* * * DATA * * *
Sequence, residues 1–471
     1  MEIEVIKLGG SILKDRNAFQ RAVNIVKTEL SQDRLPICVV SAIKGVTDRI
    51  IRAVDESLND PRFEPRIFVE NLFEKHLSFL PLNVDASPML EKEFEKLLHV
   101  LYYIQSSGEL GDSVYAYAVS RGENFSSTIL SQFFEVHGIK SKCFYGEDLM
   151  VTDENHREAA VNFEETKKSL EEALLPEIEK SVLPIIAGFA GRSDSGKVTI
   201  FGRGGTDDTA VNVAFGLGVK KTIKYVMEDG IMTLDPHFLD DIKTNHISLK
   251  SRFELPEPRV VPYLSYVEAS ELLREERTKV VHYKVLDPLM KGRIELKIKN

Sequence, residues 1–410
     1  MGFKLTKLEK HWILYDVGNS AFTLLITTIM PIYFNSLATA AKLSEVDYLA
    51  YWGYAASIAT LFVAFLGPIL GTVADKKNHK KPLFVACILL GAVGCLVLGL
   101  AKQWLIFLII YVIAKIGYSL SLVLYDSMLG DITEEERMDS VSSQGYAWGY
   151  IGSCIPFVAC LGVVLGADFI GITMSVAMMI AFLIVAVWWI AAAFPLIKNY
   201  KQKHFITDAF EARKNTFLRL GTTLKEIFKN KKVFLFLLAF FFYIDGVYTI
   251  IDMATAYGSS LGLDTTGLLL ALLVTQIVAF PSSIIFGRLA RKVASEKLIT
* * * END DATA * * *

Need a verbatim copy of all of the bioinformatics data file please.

Sequence, residues 1–471
     1  MEIEVIKLGG SILKDRNAFQ RAVNIVKTEL SQDRLPICVV SAIKGVTDRI
    51  IRAVDESLND PRFEPRIFVE NLFEKHLSFL PLNVDASPML EKEFEKLLHV
   101  LYYIQSSGEL GDSVYAYAVS RGENFSSTIL SQFFEVHGIK SKCFYGEDLM
   151  VTDENHREAA VNFEETKKSL EEALLPEIEK SVLPIIAGFA GRSDSGKVTI
   201  FGRGGTDDTA VNVAFGLGVK KTIKYVMEDG IMTLDPHFLD DIKTNHISLK
   251  SRFELPEPRV VPYLSYVEAS ELLREERTKV VHYKVLDPLM KGRIELKIKN

Sequence, residues 1–410
     1  MGFKLTKLEK HWILYDVGNS AFTLLITTIM PIYFNSLATA AKLSEVDYLA
    51  YWGYAASIAT LFVAFLGPIL GTVADKKNHK KPLFVACILL GAVGCLVLGL
   101  AKQWLIFLII YVIAKIGYSL SLVLYDSMLG DITEEERMDS VSSQGYAWGY
   151  IGSCIPFVAC LGVVLGADFI GITMSVAMMI AFLIVAVWWI AAAFPLIKNY
   201  KQKHFITDAF EARKNTFLRL GTTLKEIFKN KKVFLFLLAF FFYIDGVYTI
   251  IDMATAYGSS LGLDTTGLLL ALLVTQIVAF PSSIIFGRLA RKVASEKLIT